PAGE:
A few years ago, some sort of switch got flipped in my brain and all of a sudden I became far more capable of and willing to plow through half a dozen novels in a single stretch than to finish a single non-fiction book. Recently, equilibrium has been at least somewhat restored, but I continue to find myself immersed in fiction in a way that I rarely was before.
Some recent reading has included a pair of Larry Bond novels from the late 1980s and early 1990s, Vortex and Cauldron. Larry Bond is most famously, of course, the man who helped Tom Clancy game out many of his books’ wartime scenarios (and Bond co-wrote Red Storm Rising with Clancy). I hadn’t known Bond as an author in his own right, but recently read those two works of his in succession.
What’s wonderful about books like these is generally not their literary qualities, but nor is it even the conduct or proposed sequence of events in particular conflicts. Can fiction, in fact, predict the future of warfare? Perhaps, but more interestingly, such books serve as a time capsule of the era in which they were written. Much of the “valued added” from this is detailed (at times overly so) descriptions and explanations of the weaponry, arms systems, and military organization of the era. But furthermore, while not predictive in any meaningful way, these novels can help widen the Overton Window of the imagination, to at least consider a divergent future drastically different from our own.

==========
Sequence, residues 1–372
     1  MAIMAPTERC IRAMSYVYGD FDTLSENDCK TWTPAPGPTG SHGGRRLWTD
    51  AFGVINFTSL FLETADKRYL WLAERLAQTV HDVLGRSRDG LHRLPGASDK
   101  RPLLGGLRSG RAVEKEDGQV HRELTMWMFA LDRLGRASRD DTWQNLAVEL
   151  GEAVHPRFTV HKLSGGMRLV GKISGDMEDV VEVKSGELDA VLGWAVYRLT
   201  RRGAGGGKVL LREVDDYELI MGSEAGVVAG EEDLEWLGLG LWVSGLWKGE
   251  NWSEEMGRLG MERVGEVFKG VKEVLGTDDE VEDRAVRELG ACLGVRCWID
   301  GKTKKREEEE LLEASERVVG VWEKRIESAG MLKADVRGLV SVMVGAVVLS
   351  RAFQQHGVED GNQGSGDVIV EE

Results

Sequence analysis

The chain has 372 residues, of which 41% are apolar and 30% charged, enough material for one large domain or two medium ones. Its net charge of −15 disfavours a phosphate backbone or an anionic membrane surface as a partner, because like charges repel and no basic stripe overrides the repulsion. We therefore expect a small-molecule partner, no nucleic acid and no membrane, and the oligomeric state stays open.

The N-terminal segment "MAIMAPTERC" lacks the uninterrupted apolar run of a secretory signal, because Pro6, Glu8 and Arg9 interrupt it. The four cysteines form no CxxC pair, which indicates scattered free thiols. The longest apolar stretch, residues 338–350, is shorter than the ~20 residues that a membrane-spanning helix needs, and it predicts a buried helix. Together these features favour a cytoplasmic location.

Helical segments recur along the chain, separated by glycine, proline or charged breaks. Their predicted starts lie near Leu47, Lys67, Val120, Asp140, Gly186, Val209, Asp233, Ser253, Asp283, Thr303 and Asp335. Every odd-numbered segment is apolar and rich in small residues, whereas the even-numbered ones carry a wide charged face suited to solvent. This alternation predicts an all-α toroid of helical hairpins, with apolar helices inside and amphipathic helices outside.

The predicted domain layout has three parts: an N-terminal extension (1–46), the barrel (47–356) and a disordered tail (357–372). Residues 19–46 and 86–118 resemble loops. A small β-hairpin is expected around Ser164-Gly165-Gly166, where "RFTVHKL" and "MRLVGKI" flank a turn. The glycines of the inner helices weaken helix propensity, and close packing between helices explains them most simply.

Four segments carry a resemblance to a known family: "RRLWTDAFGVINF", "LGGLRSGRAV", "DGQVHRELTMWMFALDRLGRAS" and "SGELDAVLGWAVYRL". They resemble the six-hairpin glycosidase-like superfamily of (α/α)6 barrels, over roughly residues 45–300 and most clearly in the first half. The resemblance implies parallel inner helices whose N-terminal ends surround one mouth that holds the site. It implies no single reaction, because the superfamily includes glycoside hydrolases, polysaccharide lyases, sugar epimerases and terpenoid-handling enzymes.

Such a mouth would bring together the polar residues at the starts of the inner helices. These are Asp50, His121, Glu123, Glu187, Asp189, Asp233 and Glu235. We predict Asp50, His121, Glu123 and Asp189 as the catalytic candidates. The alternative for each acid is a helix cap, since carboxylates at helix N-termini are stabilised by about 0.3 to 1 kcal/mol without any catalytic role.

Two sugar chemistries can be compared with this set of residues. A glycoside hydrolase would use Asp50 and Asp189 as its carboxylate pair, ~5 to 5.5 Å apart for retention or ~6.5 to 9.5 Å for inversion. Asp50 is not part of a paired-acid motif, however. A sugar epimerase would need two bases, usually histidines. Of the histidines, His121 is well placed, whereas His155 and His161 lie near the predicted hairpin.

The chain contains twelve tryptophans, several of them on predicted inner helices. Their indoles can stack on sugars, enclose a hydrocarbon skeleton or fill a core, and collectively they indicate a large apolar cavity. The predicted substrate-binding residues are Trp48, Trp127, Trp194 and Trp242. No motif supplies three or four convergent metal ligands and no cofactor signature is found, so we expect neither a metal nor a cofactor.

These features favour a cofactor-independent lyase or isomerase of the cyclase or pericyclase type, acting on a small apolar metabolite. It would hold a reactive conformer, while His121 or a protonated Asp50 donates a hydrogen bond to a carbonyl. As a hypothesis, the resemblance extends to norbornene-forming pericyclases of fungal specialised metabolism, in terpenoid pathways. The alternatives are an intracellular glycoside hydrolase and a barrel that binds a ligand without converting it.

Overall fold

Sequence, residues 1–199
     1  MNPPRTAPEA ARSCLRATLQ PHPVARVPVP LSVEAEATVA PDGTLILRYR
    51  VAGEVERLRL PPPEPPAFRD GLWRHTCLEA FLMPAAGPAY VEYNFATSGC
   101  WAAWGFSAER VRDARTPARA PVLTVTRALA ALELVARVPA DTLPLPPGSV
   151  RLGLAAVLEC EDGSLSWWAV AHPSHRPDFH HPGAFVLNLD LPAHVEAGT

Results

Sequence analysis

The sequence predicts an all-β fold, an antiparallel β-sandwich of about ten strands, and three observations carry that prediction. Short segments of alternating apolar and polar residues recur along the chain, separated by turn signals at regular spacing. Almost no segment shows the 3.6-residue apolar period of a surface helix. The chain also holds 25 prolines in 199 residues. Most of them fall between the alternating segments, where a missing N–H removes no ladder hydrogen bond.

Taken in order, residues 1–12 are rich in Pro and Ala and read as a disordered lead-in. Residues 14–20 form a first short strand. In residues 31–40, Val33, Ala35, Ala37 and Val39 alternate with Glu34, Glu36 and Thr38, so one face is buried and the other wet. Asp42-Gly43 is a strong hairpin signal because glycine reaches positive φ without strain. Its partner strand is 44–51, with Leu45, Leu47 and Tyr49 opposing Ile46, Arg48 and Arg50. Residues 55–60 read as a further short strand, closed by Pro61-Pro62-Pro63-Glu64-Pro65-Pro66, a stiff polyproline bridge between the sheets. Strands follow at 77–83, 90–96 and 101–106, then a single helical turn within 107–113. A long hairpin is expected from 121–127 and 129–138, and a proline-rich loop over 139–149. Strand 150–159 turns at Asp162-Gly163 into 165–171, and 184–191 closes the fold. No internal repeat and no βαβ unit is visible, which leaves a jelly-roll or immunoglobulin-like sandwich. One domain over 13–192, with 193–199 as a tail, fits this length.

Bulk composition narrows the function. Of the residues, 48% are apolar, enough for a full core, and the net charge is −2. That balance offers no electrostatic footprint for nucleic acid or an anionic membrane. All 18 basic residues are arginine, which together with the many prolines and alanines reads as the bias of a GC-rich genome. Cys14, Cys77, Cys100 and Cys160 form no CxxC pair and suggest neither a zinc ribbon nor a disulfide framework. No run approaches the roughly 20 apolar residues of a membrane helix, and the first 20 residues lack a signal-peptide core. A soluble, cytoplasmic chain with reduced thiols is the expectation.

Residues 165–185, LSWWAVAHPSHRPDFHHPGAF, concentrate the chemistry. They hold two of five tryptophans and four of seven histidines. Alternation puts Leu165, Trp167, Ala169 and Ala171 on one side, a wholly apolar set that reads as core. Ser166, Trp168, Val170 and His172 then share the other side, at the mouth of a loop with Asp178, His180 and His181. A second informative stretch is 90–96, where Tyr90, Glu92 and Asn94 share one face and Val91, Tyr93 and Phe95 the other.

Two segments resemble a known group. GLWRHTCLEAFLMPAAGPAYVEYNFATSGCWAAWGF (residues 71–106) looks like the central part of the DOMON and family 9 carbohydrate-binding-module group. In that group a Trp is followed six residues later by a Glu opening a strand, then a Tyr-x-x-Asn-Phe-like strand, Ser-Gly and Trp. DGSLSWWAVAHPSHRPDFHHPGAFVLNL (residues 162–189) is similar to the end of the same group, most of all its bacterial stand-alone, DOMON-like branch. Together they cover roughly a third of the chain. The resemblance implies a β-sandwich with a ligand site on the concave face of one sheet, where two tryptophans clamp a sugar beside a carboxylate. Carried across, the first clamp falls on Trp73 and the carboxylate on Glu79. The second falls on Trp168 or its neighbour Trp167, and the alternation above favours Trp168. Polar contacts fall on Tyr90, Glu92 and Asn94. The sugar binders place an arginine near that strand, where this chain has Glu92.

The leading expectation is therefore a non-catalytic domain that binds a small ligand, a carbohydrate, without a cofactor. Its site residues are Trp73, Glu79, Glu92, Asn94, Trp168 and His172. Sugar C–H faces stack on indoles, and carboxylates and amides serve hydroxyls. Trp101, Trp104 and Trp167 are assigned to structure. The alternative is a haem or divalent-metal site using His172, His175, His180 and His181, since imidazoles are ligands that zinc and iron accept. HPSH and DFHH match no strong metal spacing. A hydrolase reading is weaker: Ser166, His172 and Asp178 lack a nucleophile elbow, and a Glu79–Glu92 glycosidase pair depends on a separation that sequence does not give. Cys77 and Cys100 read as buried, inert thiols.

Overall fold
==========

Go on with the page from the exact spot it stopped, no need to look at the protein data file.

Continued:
With books set in the future, but now a dated future, it’s almost like reading alternate history. As of this writing, I’m reading The Third World War: August 1985, which is an account of World War III written in the past tense as a historical survey from the point of view of two years later (e.g., 1987). Of course, the book was actually published in 1979, along with a followup, The Third World War: The Untold Story, which was published two years later and dives deeper into specifics of nuclear postures, the war in the North Atlantic and the North Sea, Solidarity’s effect in Poland, and other issues. It is a look at a world that never was, but seemed frightfully close to being so. And from that perspective, it’s a chilling look at the prospective war facing the world of the past.
Obviously, these never came to pass, but when one considers what might have been, that can seem a blessing. Continue reading